Ultimately, things get fairly more interesting in the film when Laura signals to Rico that she has to defecate while Vic is away. When Rico makes the mistake of agreeing to turn around while Laura is taking a shit in a bucket after she complains “I can’t do this with someone watching me,” he gets hit in the head with said bucket by the kidnap victim, who also manages to grab his gun. After Laura somewhat senselessly fires a round from the weapon into the wall of the room, Rico declares “it’s me,” takes off his mask, and reveals that he is her lover. Naturally, Laura is quite angry with her dubious brown beau, but Rico rationalizes his behavior by saying he did it for her to rob her much maligned father, stating, “You always said you hated him. He never gives you anything. He thinks the way you live sucks. You said yourself that he doesn’t give a shit about you. This is it, Laura. This is the way to get money off him. We talked about it, but didn’t know how. This is it.” After moronically revealing Vic’s name to her and that he plans to rip his partner off, Rico promises to Laura, “You and me will have the money and go to some tropical beach.” When Laura complains, “You told me you loved me,” Rico acts like the stereotypical lying would-be-pimp ‘playa’ by replying, “I do love you. So much. It’s the only reason why I did this.” When Rico tells Laura that he planned to tell her about his plan after receiving the ransom money, she sarcastically replies, “So what would you have told me? 'Sorry I chained you to a bed like some S&M whore. And that I ogled your pussy with some retard.’” Of course, when Rico informs Laura that all she has to do is ‘play victim’ for another day or two and they will receive four million euros in ransom money from her father, she agrees to go along with the charade and allows him to tie her back to the bed after Vic knocks on the door and demands to be let back in the apartment.
While Vic has no idea that Rico and Laura are lovers, the second day in the apartment he begins becoming extra paranoid when his comrade spends a little too long in the bathroom, so he kicks down the door. Unbeknownst to Vic, Rico had just swallowed a bullet shell from the round that Laura shot off. While Vic proclaims, “I don’t smell anything” upon entering the bathroom after Rico makes the claim that he was in there for a long time because he had to take a dump, he finally stops being paranoid and stops giving his super swarthy sidekick a hard time. In fact, Vic theorizes to Rico regarding his mysterious bowel movements, “Adrenalin…That’s what causes it. Suddently having to crap, foul taste in your mouth.” As demonstrated by the fact he refuses to sleep one night, Vic is about to go over the edge as a result of his paranoia in regard to the kidnapping, but his worries are not just in regard to money. Indeed, after remarking to Rico that they will both be “set forever” after getting the ransom money, Vic romantically embraces his ‘partner’ and adds that in two days they will be on a plane "and away from here. You and me together. Away from this hell hole. A new beginning. A new life. The first few days we’ll barely leave the hotel. We’ll just stay in our room.” While the two men kiss, Vic tells Rico, “I love you” and he replies by saying the same exact thing he previously said to Laura, “I’ve never loved anyone so much. Never,” thus indicating he is probably a psychopath of sorts.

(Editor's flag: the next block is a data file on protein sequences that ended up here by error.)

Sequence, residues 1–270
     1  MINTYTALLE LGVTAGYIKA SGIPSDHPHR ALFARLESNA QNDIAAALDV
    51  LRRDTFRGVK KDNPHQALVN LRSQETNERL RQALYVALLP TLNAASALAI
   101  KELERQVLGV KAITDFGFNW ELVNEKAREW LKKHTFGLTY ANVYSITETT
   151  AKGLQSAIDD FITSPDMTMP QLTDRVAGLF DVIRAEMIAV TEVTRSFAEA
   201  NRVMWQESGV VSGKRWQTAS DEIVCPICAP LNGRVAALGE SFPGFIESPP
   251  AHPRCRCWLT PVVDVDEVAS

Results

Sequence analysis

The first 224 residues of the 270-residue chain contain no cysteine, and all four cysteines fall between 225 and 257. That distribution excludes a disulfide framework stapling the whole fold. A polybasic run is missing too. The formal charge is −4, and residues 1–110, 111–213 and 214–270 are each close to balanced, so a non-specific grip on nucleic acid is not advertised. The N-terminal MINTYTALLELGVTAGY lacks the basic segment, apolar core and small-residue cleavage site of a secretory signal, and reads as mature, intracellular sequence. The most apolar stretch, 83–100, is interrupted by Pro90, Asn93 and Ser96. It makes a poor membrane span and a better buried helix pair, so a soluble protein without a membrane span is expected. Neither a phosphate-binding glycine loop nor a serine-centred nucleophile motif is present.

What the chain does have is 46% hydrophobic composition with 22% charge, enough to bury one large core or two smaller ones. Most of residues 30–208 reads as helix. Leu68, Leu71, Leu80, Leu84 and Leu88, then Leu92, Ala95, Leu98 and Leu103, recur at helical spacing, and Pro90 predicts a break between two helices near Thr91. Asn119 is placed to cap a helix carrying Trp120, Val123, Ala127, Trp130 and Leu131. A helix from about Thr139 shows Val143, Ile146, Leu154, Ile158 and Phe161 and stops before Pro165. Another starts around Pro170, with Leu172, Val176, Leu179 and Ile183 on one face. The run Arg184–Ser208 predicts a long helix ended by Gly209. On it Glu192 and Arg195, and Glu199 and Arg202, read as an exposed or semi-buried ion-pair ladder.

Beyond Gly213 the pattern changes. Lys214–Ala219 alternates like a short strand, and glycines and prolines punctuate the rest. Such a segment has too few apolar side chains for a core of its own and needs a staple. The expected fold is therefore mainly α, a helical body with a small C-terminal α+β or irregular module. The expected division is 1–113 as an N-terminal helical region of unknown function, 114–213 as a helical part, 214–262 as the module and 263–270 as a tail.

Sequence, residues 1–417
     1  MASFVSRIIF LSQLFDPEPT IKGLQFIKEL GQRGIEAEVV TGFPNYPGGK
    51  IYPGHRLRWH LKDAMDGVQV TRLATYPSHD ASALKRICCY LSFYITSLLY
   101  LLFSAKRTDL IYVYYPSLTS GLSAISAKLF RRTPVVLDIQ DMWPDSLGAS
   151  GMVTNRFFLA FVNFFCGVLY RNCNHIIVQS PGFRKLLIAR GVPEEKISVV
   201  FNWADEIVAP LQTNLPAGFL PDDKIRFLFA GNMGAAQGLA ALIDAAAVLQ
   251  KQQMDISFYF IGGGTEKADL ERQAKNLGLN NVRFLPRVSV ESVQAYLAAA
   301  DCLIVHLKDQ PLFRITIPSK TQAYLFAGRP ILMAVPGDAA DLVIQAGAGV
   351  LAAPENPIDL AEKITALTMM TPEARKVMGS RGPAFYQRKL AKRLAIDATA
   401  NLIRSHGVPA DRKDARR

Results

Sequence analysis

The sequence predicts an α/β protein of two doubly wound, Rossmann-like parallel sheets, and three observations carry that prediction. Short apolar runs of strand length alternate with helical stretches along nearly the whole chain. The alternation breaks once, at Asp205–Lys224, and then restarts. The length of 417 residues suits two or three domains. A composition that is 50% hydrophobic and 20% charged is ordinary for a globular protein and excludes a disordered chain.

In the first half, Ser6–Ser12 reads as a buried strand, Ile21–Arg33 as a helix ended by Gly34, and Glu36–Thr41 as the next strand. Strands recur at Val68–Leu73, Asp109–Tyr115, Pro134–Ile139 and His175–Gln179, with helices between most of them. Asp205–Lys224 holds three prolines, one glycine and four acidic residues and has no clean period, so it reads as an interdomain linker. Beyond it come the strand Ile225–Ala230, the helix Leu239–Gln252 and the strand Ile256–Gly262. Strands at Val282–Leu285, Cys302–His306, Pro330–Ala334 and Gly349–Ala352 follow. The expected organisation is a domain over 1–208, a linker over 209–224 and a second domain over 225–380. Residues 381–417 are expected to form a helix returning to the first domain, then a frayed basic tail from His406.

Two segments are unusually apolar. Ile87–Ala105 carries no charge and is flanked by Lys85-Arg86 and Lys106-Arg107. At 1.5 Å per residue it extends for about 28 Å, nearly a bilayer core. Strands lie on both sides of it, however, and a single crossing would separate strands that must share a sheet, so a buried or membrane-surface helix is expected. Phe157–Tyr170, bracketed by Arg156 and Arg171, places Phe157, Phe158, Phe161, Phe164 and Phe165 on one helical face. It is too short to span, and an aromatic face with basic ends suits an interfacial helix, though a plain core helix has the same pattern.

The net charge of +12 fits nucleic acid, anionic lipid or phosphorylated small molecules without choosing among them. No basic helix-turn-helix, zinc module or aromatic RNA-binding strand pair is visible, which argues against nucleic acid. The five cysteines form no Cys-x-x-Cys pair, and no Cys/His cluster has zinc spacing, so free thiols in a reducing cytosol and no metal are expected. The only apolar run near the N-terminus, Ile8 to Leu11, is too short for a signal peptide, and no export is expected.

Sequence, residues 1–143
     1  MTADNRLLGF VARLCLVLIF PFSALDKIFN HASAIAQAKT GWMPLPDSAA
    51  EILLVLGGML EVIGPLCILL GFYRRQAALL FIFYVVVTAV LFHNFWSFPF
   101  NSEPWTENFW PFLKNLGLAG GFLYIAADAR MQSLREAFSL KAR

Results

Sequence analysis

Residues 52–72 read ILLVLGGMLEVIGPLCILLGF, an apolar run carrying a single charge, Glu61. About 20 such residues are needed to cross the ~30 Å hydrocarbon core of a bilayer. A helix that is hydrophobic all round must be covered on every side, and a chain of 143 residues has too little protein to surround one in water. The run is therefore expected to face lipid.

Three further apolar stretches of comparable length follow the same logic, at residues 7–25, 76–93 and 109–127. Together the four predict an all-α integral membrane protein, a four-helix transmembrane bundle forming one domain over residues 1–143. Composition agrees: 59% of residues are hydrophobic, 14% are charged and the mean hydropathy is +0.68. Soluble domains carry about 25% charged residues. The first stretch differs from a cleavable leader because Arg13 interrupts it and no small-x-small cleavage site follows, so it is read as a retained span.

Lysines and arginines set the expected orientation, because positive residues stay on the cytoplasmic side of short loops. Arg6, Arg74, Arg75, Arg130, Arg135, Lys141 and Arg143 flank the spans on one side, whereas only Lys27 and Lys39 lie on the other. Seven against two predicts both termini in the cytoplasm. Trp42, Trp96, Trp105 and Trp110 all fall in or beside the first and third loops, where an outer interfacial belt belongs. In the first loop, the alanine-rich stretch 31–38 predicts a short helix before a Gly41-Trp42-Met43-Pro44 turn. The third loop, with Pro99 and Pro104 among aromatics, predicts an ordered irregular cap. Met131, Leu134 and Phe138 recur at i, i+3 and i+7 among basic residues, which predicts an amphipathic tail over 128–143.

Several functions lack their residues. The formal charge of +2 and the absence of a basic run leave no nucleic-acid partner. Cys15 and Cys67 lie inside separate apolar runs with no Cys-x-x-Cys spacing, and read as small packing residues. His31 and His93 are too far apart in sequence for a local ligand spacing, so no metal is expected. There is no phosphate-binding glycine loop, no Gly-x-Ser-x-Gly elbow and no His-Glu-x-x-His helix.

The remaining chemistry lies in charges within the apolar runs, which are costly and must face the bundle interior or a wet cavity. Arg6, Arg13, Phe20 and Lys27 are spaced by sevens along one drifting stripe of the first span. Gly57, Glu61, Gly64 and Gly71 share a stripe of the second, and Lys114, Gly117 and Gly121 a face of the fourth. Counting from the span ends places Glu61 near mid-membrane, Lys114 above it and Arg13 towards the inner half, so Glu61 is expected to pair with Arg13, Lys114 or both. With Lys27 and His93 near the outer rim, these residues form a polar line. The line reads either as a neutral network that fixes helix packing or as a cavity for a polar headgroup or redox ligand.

Of course, everything goes downhill for everyone involved when Rico makes the mistake of untying Laura from the bed while Vic is away. Indeed, while Rico is making out with Laura on the same exact bed that the little lady was just tied to, the poor little rich girl manages to handcuff him to a bedpost while he is naked and then she calls 911, though she has no idea where she is and thus cannot give the dispatcher her whereabouts. After the failed attempt at getting the police to rescue her, Laura finds a handgun on a table in the apartment, goes back into the makeshift dungeon room, and demands that her deceitful lover hand her the keys to the apartment so that she can escape. Ultimately, while acting like he is going to hand her the keys, Rico manages to drive his foot into Laura’s neck while he is still handcuffed to the bed. At this point, Laura attempts to shoot Rico but the gun still has the safety on and does not fire and her beau mocks her while choking her by stating, “Safety catch, stupid bitch.”